|2488 Berlin: 1. Siegessäule (Victory Column); 2. Art Deco stairs;|
3. A view with new buildings; 4. Brandenburger Tor (Brandenburg Gate);
5. River Spree; 8. Reichstagsgebäude (Reichstag Building);
Posted on 24.12.2012, 25.04.2016
First documented in the 13th century, Berlin was the capital of the Margraviate of Brandenburg (1417-1701), the Kingdom of Prussia (1701-1918), the German Empire (1871-1918), the Weimar Republic (1919-1933) and the Third Reich (1933-1945). After WWII was divided into East Berlin (the capital of East Germany) and West Berlin (a West German exclave), and following the German reunification in 1990 it regained the status as the capital of Germany. In the 1920s it was the third largest municipality in the world, and now, with a population of 3.5 million people, is the second most populous city in the European Union, after London.
Because is situated in an area of low-lying marshy woodlands with a mainly flat topography, on both sides of the River Spree, which empties into the River Havel in its westernmost borough, around one third of the Berlin's area is composed of forests, parks, gardens, rivers and lakes. Of course that the history has left the city with a highly eclectic array of architecture and buildings, its appearance today being predominantly shaped by the key role it played in Germany's history in the 20th century.
The Fernsehturm (TV tower) at Alexanderplatz in Mitte is among the tallest structures in the European Union at 368 m (1,207 ft). Built in 1969, it is visible throughout most of the central districts of Berlin. Starting here the Karl-Marx-Allee heads east, an avenue lined by monumental residential buildings, designed in the Socialist Classicism style. Adjacent to this area is the Rotes Rathaus (City Hall), with its distinctive red-brick architecture. In front of it is the Neptunbrunnen, a fountain featuring a mythological group.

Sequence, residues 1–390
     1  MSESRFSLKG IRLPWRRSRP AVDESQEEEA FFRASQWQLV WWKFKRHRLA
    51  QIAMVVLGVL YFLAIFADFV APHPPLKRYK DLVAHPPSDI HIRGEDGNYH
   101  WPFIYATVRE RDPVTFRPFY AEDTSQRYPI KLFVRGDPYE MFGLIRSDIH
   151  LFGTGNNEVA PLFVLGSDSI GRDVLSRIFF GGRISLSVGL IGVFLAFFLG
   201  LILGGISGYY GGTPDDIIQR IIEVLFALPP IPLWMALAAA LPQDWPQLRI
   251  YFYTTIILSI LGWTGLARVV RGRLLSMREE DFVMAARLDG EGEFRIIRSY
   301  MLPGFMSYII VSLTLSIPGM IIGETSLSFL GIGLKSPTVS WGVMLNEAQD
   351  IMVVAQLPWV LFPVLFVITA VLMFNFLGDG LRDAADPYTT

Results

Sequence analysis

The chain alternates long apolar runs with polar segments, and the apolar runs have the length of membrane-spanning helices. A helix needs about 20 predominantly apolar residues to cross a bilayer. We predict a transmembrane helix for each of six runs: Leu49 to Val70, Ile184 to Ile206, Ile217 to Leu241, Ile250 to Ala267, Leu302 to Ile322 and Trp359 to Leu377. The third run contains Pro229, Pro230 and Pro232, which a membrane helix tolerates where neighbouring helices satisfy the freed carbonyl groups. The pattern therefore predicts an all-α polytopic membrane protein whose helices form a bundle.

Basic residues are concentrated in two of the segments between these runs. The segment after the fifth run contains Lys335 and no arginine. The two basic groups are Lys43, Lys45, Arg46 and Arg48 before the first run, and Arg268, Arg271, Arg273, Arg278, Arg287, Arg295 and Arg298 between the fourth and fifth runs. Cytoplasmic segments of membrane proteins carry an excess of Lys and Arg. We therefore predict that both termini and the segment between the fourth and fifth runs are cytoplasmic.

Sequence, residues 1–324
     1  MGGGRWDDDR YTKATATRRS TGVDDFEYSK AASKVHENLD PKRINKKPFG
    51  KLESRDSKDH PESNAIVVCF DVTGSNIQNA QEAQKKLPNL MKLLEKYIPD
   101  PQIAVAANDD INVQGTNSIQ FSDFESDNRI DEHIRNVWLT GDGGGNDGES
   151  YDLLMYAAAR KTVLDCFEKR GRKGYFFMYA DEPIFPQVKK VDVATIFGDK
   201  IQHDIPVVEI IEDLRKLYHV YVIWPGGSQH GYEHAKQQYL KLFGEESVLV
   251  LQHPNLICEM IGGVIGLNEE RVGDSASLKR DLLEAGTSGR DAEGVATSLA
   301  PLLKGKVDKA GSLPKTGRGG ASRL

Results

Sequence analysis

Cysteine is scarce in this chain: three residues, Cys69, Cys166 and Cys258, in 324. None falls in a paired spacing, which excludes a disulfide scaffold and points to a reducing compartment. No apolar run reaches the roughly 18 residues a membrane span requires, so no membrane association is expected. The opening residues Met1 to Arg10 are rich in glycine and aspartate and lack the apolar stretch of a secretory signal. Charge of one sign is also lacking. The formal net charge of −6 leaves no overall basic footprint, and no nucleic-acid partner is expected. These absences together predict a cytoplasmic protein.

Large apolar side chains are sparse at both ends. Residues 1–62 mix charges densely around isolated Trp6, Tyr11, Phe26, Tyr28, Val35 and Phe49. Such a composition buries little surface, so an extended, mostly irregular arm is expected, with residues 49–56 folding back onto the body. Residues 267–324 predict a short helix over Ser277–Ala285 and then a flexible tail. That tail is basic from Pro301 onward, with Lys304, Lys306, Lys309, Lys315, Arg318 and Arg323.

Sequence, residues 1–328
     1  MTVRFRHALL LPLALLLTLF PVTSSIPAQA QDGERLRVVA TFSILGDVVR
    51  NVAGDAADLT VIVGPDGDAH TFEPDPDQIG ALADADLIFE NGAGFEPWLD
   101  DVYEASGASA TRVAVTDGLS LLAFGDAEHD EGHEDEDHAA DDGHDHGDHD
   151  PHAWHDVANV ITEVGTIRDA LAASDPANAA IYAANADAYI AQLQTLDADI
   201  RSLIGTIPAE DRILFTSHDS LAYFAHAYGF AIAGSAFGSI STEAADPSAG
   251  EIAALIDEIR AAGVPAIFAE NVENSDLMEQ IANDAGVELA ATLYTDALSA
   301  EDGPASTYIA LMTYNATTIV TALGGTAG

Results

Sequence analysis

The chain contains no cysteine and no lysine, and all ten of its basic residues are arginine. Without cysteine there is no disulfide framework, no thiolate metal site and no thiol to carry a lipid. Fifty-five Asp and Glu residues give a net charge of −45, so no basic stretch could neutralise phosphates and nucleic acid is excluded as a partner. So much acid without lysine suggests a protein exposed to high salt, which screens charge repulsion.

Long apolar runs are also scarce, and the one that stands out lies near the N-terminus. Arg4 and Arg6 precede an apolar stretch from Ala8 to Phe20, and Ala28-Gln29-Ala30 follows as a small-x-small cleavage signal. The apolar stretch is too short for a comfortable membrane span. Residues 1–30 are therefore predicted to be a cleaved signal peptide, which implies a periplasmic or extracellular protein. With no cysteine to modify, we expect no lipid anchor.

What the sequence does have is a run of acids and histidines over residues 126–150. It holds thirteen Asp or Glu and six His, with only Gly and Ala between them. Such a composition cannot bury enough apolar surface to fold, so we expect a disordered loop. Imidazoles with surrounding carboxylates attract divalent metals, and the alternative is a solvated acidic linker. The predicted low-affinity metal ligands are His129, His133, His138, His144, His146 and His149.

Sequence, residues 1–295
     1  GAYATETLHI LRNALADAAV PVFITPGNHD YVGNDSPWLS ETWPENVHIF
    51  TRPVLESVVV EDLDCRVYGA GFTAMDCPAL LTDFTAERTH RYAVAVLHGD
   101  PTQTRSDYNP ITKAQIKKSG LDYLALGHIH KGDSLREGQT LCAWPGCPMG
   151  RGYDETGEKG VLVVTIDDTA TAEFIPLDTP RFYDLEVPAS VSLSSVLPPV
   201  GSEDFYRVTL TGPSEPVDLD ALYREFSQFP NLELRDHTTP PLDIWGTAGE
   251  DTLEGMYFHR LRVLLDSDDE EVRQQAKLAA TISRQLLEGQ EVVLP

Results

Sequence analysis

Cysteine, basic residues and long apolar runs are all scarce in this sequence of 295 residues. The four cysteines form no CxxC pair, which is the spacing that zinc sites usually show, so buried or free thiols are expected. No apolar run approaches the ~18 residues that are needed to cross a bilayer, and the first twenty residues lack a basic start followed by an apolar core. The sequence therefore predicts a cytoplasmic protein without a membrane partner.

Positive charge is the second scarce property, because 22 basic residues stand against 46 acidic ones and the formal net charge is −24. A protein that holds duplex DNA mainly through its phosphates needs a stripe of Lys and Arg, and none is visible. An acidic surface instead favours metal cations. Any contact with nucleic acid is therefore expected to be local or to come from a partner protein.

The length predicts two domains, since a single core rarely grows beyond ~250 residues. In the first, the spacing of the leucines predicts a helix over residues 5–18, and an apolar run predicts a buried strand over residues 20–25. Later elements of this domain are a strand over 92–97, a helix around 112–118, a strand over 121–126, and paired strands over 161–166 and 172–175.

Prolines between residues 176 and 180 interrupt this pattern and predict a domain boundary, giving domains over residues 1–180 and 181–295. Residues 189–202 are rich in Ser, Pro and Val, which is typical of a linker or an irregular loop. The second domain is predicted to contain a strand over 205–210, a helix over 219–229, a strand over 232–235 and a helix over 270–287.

The Brandenburg Gate is an iconic landmark of Berlin and Germany. The Reichstag building is the traditional seat of the German Parliament, was remodeled by British architect Norman Foster in the 1990. The East Side Gallery is an open-air exhibition of art painted directly on the last existing portions of the Berlin Wall. The Gendarmenmarkt, a neoclassical square, is bordered by two similarly designed cathedrals, the Französischer Dom and the Deutscher Dom. The Konzerthaus (Concert Hall) stands between the two cathedrals.
The Museum Island in the River Spree houses five museums built from 1830 to 1930 and is a UNESCO World Heritage site. Also located on the island is Berlin Cathedral, emperor William II's ambitious attempt to create a Protestant counterpart to St. Peter's Basilica in Rome. St. Hedwig's Cathedral is Berlin's Roman Catholic cathedral. Unter den Linden is a tree-lined east-west avenue from the Brandenburg Gate to the site of the former Berliner Stadtschloss, and was once Berlin's premier promenade. Friedrichstrasse was Berlin's legendary street during the Golden Twenties.
Potsdamer Platz is an entire quarter built from scratch after 1995. The Memorial to the Murdered Jews of Europe, a Holocaust memorial, is situated to the north of the square. West of the center, Schloss Bellevue is the residence of the German President. Schloss Charlottenburg, which was burnt out in the WWII is the largest historical palace in Berlin. The Oberbaumbrücke is Berlin's most iconic bridge, crossing the River Spree. It was completed in a brick gothic style in 1896, whereby the center portion has been reconstructed with a steel frame after having been destroyed in 1945.
About the stamps
The stamps are part of the series Blumen, about which I wrote here.
Berlin - Wikipedia
Sender 0428: Marius Vasilescu
Sent from Berlin (Berlin / Germany), on 22.12.2011
Sender 2488: Ana
Sent from Berlin (Berlin / Germany), on 26.06.2015
Photo: Jurgen Henkelmann & Michael Haddenhorst